In the Lord's prayer, when we request our daily bread, we need to ask for the strength and energy to love those we encounter. Otherwise, we'll fail miserably.

Love begins by taking care of the closest ones - the ones at home.
-- Mother Theresa

Feb 13, 2008

Taking Up My Cross

"Anyone who loves his father or mother more than me is not worthy of me; anyone who loves his son or daughter more than me is not worthy of me; and anyone who does not take his cross and follow me is not worthy of me. Whoever finds his life will lose it, and whoever loses his life for my sake will find it." Matthew 10:37-39

I daily pledge to follow Christ closely. But now that he has given me a heavy cross, I balk. I realize that I wanted to pick and choose my cross. The cross that I am currently bearing isn't the one I would've selected. It's unbelievably harder than I imagined. I left all to answer this call, I sacrificed my Isaac, but now I'm complaining daily about it. I have a bad attitude.

You know, I always thought I would've been Caleb or Joshua in the wilderness. Yet upon reflection, even though I would've never dreamed it possible, I know that I would've died in the wilderness with most of the Israelites. Why? Because I've treated God with contempt by complaining which displays ugly unbelief.

When we ask God to give us our daily bread, one thing we are asking for is the nourishment that will provide the strength for us to carry our cross to our death.

After he puts to death in us what he will, he'll raise us to new life. That's what I believe. That's what I remind myself of today. I need strength for today, tomorrow has enough evil of its own (Matthew 6:25-33).

"When we follow Jesus, it means that we don't know exactly what it means, at least in detail. We follow him, letting him pick the roads, set the timetables, tell us what we need to know but only when we need to know it . . . . When Jesus says 'Follow me' and we follow, we don't know where we will go next or what we will do next, that is why we follow the one who does know."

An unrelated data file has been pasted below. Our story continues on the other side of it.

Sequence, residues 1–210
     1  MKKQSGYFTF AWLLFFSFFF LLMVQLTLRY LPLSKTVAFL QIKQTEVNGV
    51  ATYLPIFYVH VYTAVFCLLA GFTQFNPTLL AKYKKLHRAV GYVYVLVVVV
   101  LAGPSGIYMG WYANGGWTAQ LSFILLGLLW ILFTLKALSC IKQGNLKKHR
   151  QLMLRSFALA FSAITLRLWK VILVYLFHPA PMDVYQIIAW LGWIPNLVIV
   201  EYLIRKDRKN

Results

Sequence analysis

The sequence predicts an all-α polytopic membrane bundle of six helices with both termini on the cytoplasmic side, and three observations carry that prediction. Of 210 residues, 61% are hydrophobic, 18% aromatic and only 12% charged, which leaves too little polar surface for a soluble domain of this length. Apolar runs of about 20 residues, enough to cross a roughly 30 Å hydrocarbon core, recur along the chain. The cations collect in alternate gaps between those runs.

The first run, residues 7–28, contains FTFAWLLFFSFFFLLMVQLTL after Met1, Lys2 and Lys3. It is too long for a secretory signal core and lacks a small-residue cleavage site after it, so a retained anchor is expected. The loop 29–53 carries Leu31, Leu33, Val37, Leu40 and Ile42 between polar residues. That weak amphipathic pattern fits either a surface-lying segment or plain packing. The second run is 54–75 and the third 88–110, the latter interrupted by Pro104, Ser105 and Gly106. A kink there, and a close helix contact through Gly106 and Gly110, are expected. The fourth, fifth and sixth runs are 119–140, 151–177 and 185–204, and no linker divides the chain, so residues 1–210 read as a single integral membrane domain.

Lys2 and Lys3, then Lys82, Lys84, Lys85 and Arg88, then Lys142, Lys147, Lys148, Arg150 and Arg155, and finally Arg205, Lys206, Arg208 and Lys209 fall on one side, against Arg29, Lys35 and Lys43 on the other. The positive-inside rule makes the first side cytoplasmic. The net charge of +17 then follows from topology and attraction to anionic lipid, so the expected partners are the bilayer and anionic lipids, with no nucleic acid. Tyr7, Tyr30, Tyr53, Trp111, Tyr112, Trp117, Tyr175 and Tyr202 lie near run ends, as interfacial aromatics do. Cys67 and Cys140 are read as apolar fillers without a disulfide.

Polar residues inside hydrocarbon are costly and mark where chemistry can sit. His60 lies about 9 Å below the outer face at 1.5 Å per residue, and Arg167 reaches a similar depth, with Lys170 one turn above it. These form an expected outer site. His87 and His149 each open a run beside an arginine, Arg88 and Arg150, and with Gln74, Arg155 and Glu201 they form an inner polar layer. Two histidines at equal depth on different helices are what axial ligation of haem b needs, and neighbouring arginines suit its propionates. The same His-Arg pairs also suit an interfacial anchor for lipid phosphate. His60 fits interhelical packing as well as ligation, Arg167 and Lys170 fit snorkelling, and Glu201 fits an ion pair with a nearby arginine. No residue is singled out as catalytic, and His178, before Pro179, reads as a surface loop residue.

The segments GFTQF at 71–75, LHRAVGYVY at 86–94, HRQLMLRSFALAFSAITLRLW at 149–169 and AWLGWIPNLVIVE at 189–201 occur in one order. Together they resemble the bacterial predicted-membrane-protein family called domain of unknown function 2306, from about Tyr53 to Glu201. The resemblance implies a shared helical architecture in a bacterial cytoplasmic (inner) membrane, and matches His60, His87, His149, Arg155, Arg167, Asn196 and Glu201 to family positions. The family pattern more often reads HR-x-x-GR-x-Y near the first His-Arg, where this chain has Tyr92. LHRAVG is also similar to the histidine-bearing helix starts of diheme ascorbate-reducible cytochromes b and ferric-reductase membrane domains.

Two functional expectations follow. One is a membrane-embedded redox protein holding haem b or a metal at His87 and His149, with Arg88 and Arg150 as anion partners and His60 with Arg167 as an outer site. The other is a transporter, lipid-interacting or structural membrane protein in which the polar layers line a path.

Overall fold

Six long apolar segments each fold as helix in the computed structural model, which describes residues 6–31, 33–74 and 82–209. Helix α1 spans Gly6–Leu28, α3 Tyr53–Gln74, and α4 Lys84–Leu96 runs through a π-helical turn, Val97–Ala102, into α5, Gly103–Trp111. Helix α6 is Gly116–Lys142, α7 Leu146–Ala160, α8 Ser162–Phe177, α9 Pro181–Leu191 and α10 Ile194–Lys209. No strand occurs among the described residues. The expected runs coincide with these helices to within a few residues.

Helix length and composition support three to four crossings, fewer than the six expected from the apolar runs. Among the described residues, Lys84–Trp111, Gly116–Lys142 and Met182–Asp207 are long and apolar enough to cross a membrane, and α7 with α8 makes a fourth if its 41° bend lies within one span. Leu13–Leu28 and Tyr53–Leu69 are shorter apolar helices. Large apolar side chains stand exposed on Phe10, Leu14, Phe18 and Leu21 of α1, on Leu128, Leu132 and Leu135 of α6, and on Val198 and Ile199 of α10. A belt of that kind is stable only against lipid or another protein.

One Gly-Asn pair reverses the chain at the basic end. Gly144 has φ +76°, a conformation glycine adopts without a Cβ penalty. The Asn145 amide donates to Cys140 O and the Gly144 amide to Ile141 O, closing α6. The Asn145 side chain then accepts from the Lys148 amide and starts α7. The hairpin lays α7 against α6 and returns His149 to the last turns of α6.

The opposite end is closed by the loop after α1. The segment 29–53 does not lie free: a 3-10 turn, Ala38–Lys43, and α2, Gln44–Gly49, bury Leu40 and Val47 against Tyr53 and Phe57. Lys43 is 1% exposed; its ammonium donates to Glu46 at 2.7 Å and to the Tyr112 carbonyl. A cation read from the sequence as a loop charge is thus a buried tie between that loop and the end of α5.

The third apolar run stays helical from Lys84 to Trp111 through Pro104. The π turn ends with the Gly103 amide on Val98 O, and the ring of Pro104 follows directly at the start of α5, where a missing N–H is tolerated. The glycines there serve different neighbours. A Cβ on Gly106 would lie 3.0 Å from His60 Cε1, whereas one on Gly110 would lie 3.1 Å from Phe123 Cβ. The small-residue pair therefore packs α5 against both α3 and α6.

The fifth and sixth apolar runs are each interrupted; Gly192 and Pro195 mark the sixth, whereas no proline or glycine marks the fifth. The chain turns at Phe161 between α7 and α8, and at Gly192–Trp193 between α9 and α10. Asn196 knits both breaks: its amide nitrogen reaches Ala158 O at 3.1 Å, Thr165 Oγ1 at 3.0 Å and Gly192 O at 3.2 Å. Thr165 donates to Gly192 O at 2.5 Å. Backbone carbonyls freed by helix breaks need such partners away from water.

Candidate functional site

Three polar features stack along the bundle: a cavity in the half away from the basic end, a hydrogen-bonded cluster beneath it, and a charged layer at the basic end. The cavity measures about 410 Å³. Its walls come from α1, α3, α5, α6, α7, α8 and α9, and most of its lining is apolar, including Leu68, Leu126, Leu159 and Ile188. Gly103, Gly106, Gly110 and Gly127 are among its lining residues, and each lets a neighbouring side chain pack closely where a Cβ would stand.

--Eugene Peterson The Jesus Way p.240

Feb 5, 2008

Running Ahead of God

“Give me my inheritance . . . .” (Luke 15:12)

Are you contemplating taking your inheritance and running off? Like the prodigal (Luke 15:12), you think, “My Father is just taking too long to give me the desires of my heart (Psalm 37:4). He is robbing me of enjoyment now.” You've prayed, searched the depths of your soul and have concluded that your desires are not sinful. So why is your Heavenly Father delaying? Thoughts like, “If I do not do this now it is not going to happen,” and “Maybe I just need to get the ball rolling” enter your mind. You have grown impatient. Don't do it! Don't snatch your inheritance and run off to the far country(Luke 15:13)! Perhaps you don't believe that taking action now would take you to the far country. But be warned! If the Father has not given you permission to go ahead, or if you are in the midst of doubt, by running ahead you would be acting out of unbelief and will not receive his blessing. Living in unbelief without his blessing is the far country away from your Father.

Do not be like the Israelites who tried to prematurely take their inheritance. After Moses warned them, “Do not go up, because the Lord is not with you. You will be defeated by your enemies . . . ” they disobeyed (Numbers 14:42). “Nevertheless, in their presumption they went up toward the high hill country, though neither Moses nor the ark of the Lord’s covenant moved from the camp. Then the Amalekites and Canaanites who lived in that hill country came down and attacked them and beat them down all the way to Hormah” (Numbers 14:43-45).

Again, if you're contemplating making a decision and know that you don't have the Lord’s blessing, stop! Do not presume upon the Lord. He wants you to wait on him and trust him to give you the inheritance he has for you at the proper time, lest you be beaten down. If he has not answered yet, he wants you to learn about him in the wilderness. Thereafter, you will be able to enjoy the land that flows with milk and honey (Numbers 13:27).


Dear Reader,

I apologize for a lapse in posts. My computer died and my e-mail along with it. Right now, I sit in my husband's office typing this update. I will try to update it more frequently. Please check back for entries.

In Christ,